Sumitomo supplies Toyota, which currently uses nickel-metal hydride batteries in its popular Prius hybrid vehicles. However Toyota has plans to have a lithium-battery by the end of this year, and an all-electric car in 2012. And Mitsubishi plans to begin making electric cars later this year.
In the United States, Chevrolet’s Volt is set to go on sale next year, and will use lithium-ion batteries supplied by South Korea’s LG Chem Ltd.
Meanwhile, mass production of Bollore’s electric car, designed by Pininfarina, is planned in Turin, Italy, later this year. Bollore promises top speeds of 80 mph and 150 miles on a single charge.
After a meeting with Morales in Paris, Thierry Marraud, the Bollore Group’s financial director, told the AP his company is preparing a detailed plan to develop Bolivia’s lithium industry.
“We told him, ‘For you, it’s better to transform the lithium than just to export it straight,’” he said.
“If President Morales wants a car plant, we can help him, Why not? It’s not impossible.”
Sumitomo spokesman Koji Furui told the AP the company is in preliminary discussions with Bolivia, and believes its chances are good because it just purchased a nearby silver mine concession.
While offering no details, Mitsubishi described its talks as more serious than preliminary.
Neither Japanese company has publicly committed to producing the batteries in Bolivia, industry analysts remain skeptical.
“Some of the most carefully guarded technologies in the world today are lithium-ion and nickel-metal hydride battery technologies,” metals consultant Jack Lifton told the AP.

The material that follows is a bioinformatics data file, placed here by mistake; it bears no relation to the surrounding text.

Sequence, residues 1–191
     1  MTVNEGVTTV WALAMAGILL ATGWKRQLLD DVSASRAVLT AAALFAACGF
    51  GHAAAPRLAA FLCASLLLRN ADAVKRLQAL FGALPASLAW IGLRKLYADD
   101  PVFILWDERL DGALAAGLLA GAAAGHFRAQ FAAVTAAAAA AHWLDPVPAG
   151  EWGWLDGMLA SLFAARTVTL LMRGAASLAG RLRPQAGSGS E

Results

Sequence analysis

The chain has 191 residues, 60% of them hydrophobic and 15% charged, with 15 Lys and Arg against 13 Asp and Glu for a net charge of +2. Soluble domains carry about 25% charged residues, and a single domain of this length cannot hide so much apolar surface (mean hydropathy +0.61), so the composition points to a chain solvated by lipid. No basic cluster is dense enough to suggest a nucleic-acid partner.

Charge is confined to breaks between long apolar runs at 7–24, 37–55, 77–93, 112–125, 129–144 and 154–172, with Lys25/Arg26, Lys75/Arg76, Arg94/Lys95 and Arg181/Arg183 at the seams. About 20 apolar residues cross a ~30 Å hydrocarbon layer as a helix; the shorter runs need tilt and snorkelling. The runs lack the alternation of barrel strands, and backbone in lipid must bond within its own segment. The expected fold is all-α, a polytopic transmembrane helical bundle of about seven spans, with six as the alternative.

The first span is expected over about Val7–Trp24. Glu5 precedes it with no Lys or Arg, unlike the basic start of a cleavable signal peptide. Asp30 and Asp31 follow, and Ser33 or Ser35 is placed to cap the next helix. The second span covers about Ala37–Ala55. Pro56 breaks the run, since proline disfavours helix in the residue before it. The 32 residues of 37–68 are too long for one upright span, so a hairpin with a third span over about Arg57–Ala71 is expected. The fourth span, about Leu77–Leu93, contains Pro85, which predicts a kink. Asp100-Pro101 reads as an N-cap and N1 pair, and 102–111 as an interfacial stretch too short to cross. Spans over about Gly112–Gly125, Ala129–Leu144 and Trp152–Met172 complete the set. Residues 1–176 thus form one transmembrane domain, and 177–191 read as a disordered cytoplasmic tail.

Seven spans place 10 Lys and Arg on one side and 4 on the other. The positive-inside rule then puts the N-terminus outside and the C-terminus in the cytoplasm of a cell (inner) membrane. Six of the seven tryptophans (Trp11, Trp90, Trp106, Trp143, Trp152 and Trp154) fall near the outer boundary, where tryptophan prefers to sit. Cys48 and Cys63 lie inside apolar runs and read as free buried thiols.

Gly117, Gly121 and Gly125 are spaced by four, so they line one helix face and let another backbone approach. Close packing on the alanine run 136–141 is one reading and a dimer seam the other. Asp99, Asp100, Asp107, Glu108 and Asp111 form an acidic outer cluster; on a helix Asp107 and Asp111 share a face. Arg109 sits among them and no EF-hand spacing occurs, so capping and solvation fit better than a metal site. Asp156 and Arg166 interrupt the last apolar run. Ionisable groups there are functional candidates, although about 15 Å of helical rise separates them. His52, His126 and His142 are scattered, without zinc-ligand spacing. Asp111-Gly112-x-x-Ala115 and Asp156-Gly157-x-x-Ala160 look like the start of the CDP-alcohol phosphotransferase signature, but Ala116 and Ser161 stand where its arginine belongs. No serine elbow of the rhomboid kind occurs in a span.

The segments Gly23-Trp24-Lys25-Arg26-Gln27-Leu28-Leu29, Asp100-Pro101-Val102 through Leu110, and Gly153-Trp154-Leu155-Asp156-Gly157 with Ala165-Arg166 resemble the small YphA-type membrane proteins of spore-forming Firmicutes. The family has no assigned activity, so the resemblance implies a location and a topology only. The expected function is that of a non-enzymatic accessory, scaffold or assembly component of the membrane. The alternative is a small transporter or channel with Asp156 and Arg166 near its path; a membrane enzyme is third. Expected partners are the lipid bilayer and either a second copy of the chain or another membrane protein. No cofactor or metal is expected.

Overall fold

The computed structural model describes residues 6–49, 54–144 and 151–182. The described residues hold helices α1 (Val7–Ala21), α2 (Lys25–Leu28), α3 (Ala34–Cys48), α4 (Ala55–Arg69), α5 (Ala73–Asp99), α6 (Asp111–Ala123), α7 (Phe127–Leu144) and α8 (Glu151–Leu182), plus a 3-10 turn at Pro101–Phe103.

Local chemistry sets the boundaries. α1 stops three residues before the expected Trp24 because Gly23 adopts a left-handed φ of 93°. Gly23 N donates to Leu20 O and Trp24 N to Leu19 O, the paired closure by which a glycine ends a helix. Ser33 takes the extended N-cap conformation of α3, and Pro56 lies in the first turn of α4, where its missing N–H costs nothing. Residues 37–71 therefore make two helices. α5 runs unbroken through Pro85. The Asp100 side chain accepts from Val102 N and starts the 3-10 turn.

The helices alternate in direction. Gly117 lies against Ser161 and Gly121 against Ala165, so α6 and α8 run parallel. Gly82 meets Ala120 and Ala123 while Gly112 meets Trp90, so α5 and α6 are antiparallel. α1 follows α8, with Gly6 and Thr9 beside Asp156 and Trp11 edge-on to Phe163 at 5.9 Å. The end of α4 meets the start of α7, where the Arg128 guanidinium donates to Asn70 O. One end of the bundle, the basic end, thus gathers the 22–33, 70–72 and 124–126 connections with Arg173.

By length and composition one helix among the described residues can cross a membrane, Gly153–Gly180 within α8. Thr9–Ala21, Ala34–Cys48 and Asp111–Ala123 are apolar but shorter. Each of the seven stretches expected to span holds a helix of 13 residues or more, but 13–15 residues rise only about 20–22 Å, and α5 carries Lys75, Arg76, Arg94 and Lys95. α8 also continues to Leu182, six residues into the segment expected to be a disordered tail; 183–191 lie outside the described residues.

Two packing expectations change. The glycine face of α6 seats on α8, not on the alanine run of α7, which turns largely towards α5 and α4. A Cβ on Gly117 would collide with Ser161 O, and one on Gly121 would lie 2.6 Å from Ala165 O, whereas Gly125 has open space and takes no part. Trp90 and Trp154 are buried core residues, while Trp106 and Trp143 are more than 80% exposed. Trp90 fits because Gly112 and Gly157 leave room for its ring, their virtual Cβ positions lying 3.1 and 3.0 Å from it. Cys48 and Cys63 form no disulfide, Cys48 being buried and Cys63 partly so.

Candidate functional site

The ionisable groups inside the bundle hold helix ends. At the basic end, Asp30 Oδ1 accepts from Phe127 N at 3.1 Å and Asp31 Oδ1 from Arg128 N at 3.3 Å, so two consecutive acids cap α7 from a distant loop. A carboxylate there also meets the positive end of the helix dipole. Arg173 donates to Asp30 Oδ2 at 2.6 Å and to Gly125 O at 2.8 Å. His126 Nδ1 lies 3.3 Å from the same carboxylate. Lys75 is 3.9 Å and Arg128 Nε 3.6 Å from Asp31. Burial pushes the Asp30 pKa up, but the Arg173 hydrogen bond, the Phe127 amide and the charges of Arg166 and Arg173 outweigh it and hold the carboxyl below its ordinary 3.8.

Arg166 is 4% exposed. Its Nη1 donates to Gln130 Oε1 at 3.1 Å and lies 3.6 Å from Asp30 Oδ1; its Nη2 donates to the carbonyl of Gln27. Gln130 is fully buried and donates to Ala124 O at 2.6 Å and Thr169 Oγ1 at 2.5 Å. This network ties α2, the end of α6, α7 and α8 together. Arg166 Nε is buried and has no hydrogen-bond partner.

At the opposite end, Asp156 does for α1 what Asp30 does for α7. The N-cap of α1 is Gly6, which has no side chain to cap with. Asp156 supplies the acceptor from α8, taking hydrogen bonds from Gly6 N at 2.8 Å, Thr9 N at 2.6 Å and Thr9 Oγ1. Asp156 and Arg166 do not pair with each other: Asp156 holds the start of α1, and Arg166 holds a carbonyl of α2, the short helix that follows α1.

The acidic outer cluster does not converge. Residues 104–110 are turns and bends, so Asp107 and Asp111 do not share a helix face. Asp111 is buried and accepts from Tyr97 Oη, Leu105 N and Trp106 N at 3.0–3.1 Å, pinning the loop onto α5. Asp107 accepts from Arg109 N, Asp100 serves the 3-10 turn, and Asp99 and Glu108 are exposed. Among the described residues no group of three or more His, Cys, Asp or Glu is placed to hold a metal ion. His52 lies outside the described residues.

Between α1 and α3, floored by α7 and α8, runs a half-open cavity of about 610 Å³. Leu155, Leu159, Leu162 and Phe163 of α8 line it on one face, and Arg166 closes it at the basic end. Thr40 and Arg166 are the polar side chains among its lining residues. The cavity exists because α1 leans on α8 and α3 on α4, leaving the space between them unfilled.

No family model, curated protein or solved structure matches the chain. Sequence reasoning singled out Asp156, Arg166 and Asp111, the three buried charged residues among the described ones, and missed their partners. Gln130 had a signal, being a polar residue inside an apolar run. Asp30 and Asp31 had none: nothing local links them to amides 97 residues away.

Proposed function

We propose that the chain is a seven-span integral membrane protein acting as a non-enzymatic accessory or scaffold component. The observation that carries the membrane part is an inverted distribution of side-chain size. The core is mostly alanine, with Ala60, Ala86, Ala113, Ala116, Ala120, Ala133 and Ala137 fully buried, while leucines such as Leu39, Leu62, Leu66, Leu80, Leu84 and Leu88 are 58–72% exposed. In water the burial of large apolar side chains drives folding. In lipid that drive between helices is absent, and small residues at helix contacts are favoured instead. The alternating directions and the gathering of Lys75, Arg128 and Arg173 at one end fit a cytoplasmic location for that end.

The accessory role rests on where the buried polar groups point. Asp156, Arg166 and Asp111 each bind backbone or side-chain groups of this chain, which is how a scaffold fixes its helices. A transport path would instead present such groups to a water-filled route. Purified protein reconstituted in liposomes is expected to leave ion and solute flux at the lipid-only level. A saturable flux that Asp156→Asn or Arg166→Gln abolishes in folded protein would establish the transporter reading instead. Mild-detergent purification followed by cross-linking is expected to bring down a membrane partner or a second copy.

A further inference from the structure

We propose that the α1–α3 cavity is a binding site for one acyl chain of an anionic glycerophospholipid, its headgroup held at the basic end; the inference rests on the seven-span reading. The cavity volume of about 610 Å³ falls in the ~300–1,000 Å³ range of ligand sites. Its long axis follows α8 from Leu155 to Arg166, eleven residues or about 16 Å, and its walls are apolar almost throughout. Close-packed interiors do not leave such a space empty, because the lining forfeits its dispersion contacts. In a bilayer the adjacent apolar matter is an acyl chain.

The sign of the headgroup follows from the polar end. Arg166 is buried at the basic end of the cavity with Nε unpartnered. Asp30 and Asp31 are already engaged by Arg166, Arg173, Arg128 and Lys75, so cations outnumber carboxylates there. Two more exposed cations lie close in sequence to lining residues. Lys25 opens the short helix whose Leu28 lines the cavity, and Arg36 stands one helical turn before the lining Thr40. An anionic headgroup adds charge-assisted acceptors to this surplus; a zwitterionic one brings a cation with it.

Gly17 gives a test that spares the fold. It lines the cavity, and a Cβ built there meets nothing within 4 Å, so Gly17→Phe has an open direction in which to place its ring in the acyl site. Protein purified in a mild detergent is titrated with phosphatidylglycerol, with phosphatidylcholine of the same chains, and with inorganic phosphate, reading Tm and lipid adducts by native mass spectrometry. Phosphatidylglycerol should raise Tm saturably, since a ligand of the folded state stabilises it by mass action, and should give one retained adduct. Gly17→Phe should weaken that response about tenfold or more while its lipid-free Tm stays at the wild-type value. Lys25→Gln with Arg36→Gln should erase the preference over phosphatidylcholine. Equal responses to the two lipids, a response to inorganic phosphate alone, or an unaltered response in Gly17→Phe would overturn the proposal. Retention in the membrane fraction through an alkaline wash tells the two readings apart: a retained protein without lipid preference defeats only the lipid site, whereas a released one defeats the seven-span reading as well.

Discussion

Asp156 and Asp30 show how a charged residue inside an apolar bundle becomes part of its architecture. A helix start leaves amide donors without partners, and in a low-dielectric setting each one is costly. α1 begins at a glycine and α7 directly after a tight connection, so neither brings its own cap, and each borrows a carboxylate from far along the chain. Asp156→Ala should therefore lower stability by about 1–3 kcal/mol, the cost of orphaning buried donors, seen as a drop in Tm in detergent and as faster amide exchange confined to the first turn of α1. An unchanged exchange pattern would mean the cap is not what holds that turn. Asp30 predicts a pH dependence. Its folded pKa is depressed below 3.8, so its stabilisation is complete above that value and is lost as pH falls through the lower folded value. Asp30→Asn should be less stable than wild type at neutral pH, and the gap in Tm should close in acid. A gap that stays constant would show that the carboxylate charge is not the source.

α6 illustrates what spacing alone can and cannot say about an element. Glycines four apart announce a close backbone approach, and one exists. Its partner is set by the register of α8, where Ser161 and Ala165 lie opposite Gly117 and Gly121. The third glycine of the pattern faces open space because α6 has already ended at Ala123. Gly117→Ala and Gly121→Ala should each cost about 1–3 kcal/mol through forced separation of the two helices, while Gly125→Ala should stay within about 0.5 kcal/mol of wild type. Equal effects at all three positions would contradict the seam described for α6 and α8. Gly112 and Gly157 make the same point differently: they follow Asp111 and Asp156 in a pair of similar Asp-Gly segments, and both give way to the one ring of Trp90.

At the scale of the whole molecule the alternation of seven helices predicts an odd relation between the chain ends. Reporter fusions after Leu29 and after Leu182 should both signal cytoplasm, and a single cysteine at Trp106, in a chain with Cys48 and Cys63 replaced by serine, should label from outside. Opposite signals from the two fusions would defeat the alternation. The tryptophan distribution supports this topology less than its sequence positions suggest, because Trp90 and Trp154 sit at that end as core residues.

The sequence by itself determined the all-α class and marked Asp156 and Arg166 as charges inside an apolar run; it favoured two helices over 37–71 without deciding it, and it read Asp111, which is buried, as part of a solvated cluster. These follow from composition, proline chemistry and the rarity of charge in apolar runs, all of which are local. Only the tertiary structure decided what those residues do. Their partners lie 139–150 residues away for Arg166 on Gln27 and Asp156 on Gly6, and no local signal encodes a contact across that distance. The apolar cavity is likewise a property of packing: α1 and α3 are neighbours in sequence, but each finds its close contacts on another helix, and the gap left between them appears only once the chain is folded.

“The Japanese and Koreans do not export these technologies, not even to the United States.”
The production of batteries is a capital intensive endeavor. The process is highly automated, produces few jobs and requires nearly the same precision as semiconductor production. Furthermore, auto manufacturers typically want batteries made near their assembly plants.
Many factors will play a role in determining how quickly Bolivia’s lithium deposits are developed, such as the potential bailout of the U.S. auto industry, whether Chevrolet’s Volt sells well at prices of up to $40,000 a car and whether gas prices in the U.S. will rise, according to an AP report citing Bill Moore, editor of the online electric-vehicle journal EVWorld.
Other analysts say gas prices will need rise substantially to achieve President Barack Obama’s goal of having 1 million plug-in hybrids vehicles on U.S. roads by 2015.
Some demand could be created as a result of the recent U.S. stimulus package, which includes $2.3 billion to develop U.S. battery technologies. In his speech before Congress Tuesday evening, President Obama lamented that many such batteries are now produced in South Korea.
For now, estimates of a lithium shortage and a surge in gas prices appear groundless. There is currently a slight oversupply, and plenty of capacity to meet existing needs during the recession.
“Everything I’ve been hearing from the producers and industry consultants indicates there won’t be any shortage for the next 10-15 years,” Brian Jaskula, a commodity analyst with the U.S. Geological Survey, told the AP.
SQM S.A., Chile’s top producer, says it supplies one-third of the global market and that it recently expanded capacity to 40,000 metric tons of lithium carbonate annually. That’s enough to power roughly 5 million vehicles utilizing current technologies.
It is fairly simple to move and refine Chile’s lithium from Andean salt flats to cargo ships for transport to the United States and Asia.
However, improving roads and developing other infrastructure in remote parts of landlocked Bolivia, could take years.
Indeed, it would take at least two years to identify the deposits and construct a processing plant, Marraud said.
Considering these challenges, Bolivians shouldn’t ask too much of foreign partners, according to Bolivia-based metals analyst Juan Carlos Zuleta.
“The people could exaggerate their demands and that could, in the end, lead to the business going elsewhere,” he told the AP.
Image 1: Pieces of Lithium metal. Courtesy Wikipedia
Image 2: Salar de Uyuni Flats, Bolivia. Courtesy Wikipedia